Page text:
Walter has a wonderful teacher in his classroom right now and an Early Childhood Educator whom he (Walter) simply adores. They are both women who do their jobs for the very same reason I will be home schooling- to do our best for children.
The decision to home school came because it is an option for me, as a working from home mom, and solves a lot of concerns about things like transportation ect.

I wanted to leave the teacher and ECE with a small token of appreciation from Walter as students often do at the end of the school year.
It had to be just right. Something thoughtful but not over the top, something sweet but not expensive, something they don't get a million of, something they would actually use and something cost effective.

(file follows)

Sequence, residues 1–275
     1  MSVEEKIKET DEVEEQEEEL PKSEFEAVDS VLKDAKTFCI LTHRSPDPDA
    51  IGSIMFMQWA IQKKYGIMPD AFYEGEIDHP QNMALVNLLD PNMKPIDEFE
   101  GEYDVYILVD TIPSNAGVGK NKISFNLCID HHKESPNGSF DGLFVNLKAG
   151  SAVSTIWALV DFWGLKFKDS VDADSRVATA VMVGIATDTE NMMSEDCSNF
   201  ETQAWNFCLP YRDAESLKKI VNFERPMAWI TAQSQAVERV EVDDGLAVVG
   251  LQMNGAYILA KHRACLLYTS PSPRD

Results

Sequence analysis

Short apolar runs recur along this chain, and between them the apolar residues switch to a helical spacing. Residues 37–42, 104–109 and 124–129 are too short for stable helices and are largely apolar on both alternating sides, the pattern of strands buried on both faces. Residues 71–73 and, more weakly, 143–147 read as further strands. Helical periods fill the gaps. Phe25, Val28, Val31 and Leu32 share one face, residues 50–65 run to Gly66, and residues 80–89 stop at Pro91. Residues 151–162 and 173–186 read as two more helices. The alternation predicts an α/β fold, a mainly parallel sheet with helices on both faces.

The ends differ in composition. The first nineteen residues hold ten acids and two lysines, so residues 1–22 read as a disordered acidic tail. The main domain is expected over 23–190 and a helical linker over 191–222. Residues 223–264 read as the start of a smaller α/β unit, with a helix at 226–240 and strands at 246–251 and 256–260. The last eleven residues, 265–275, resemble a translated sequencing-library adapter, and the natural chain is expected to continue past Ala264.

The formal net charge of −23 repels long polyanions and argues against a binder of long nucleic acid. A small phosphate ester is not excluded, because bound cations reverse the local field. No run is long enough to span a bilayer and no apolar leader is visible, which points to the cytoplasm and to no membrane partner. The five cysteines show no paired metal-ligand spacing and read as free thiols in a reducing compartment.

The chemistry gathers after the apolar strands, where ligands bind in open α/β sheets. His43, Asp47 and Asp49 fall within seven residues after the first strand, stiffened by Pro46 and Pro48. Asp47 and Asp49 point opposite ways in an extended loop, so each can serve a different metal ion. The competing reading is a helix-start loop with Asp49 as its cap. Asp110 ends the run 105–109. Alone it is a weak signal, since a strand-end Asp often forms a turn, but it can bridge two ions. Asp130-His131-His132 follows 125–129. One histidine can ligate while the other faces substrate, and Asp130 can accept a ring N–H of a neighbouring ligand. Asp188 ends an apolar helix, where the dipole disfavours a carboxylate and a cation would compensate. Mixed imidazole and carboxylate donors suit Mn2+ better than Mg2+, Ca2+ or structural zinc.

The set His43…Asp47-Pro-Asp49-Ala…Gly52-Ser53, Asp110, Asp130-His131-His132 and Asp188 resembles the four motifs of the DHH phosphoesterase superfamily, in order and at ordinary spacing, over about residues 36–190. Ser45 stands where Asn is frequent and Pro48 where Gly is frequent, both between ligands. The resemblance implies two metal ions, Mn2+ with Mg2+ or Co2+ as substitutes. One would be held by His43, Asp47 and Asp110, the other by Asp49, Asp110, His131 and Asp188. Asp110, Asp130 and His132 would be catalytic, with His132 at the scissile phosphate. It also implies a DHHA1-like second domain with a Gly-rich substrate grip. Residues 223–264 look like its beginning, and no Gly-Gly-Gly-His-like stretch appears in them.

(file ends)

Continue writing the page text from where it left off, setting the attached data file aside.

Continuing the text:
So this is my solution: "Thank You for Planting the Seeds of Knowledge" gift pack.

Terra cotta planter - $1 (Dollarama)
planter base $.50 (Dollarama)
tissue paper- on hand
chalkbord paint- on hand
chalk- on hand
two garden tools- $1 each (Wal-Mart)
gardening gloves- $1 (Dollarama)
packet of seeds $1.89 (Wal-Mart)
silk flowers- on hand

Paint the planter with chalkboard paint. I do three coats, but I'm a bit over the top like that.  Chalkboard paint dries pretty quickly so this is not a huge time investment.
Before you write anything on the new chalkboard surface take a piece of chalk and rub it all over the surface, then wipe/wash off.  Without this step the first thing you write/draw will always be lightly visable on the chalkboard surface.
Stuff your planter with the goodies.
Wrap it up in a bit of cellophane and ribbon.
Attach a note or gift tag that reads "Thank you for planting the seeds of knowledge" or some other such sentiment. (Perhaps you add seeds for thyme instead of flowers and write a tag that says "Thanks for spending Thyme with me.) Volia!

Very little cost investment, very little time investment.  And a gift anyone would be pleased to receive.